Better than a world record

Published 11:02 pm Friday, October 14, 2011

All day long at Creekside Elementary School on Thursday, children in physical education classes got to help set a new world record for the most jumping jacks in a 24-hour period.

They laughed, they got excited, and they had fun. But most of all, they were learning, even if unconsciously, that exercising has intangible benefits that they likely will not fully realize until they are much older.

Once the fun part was over, physical instructor Erik Johnson got down to the boring stuff β€” instilling the fact that exercise improves cardiovascular endurance, prevents obesity and contributes to overall health.

Email newsletter signup

After all the excitement of breaking a world record, the students almost begrudgingly answered the questions about the boring stuff. But the fact is that many of them will come to appreciate this knowledge down the road, even if all they can appreciate now is seeing that new number β€” of which they and their schoolmates contributed about 900 β€” in the Guinness Book of World Records.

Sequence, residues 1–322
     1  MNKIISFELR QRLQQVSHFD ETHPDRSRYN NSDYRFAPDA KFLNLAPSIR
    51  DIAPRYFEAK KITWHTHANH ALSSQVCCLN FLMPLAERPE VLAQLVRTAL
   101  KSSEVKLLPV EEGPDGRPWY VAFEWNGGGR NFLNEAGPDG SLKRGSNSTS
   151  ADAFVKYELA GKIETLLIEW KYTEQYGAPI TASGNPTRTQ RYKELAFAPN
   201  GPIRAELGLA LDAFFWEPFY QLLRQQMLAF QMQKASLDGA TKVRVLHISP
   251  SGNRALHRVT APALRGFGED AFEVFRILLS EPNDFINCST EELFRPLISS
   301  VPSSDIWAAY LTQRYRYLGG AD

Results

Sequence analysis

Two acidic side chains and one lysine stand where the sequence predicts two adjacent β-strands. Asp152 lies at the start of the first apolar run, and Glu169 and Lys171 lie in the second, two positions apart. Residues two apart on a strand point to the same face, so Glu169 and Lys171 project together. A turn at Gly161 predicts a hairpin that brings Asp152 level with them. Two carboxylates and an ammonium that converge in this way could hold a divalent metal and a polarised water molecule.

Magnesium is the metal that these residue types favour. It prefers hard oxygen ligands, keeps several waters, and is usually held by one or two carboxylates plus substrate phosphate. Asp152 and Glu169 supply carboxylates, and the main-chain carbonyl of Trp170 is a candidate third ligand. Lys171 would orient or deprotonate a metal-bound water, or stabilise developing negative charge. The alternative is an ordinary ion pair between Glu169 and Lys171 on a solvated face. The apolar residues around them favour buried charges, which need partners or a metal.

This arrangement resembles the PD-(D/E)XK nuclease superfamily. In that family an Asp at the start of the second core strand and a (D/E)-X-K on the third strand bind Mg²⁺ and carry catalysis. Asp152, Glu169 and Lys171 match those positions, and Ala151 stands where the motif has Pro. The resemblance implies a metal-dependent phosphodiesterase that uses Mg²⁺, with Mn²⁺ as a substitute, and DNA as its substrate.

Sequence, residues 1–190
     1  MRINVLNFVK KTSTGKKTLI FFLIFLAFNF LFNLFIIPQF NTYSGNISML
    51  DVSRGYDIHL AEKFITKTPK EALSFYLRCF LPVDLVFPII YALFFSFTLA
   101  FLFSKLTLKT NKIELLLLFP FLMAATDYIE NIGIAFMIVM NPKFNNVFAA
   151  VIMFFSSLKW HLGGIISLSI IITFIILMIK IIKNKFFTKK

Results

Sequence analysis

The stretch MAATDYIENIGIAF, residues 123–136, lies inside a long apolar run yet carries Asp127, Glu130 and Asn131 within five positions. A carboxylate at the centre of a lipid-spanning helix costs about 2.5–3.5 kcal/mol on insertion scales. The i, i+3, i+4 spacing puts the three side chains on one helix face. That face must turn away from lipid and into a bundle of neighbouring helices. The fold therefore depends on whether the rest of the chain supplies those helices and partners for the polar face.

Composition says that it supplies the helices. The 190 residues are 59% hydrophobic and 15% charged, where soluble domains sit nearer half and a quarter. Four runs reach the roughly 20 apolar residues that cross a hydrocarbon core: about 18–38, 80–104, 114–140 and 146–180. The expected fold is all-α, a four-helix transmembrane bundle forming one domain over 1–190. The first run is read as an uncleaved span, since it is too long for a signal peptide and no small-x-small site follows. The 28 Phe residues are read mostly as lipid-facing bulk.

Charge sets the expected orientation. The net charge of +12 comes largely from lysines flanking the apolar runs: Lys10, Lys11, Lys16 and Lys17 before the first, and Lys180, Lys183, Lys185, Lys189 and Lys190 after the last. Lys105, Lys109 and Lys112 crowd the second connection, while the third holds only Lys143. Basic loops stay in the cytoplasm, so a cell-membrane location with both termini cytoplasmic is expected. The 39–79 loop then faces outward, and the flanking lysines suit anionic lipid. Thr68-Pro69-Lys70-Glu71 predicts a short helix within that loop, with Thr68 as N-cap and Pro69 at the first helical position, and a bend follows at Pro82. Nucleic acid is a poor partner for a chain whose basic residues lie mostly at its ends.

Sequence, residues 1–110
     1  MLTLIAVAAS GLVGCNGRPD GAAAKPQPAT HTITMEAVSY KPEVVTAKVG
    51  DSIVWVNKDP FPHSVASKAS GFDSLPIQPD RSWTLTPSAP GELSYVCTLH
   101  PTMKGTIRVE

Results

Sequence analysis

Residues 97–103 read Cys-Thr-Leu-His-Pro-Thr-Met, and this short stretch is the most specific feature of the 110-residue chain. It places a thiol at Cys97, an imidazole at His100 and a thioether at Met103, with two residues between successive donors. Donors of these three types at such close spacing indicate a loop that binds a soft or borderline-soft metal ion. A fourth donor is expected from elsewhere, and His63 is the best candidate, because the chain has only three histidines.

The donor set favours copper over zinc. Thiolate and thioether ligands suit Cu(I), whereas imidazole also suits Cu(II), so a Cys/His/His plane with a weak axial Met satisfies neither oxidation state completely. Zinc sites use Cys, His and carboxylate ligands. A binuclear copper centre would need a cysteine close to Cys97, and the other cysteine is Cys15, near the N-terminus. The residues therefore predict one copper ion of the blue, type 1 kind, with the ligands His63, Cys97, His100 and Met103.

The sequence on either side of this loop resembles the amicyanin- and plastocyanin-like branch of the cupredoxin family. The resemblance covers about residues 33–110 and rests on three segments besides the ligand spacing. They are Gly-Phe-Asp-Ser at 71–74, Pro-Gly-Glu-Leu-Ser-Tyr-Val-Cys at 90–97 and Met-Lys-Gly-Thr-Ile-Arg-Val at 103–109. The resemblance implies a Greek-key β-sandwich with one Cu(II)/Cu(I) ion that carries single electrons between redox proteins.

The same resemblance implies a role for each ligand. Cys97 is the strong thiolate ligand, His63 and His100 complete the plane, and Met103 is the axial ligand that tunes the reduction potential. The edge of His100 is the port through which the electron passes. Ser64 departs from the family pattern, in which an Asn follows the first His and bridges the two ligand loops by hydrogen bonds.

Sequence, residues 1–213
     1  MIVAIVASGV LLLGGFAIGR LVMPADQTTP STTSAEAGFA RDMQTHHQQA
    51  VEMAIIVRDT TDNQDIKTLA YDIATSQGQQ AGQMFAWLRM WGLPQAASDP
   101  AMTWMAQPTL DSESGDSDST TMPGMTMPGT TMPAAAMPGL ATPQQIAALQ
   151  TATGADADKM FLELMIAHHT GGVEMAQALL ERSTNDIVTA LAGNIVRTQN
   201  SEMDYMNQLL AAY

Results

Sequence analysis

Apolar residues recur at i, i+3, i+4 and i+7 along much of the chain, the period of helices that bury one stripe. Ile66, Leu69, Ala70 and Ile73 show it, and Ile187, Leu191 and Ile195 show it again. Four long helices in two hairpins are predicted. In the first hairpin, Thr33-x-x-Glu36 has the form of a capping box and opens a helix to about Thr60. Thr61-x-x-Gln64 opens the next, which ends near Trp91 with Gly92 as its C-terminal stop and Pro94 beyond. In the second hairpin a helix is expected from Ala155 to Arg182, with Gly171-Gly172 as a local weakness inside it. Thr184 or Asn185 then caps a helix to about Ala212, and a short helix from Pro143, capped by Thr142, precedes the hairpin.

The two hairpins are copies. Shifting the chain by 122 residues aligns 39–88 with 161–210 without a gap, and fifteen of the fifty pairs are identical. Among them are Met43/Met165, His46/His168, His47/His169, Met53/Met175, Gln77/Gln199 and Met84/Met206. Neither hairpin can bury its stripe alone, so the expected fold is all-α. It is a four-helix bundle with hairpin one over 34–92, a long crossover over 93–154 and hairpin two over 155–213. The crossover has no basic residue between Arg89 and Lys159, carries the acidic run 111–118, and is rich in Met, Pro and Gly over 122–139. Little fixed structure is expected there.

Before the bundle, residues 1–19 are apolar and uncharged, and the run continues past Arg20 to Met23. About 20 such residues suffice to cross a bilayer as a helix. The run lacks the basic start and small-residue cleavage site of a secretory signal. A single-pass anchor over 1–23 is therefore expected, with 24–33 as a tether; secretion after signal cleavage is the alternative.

With obesity and childhood obesity, along with related problems like heart disease and diabetes, becoming more and more prevalent in America, it’s especially important to educate the younger generation about how they can keep themselves healthy. The country must reverse this troubling trend to prevent additional strain on the health care system and more loved ones dying younger than ever before.

The more children are taught to value health and exercise, the more they will carry those values into adulthood and make smarter choices about their bodies. And that promising future is more important than any world record.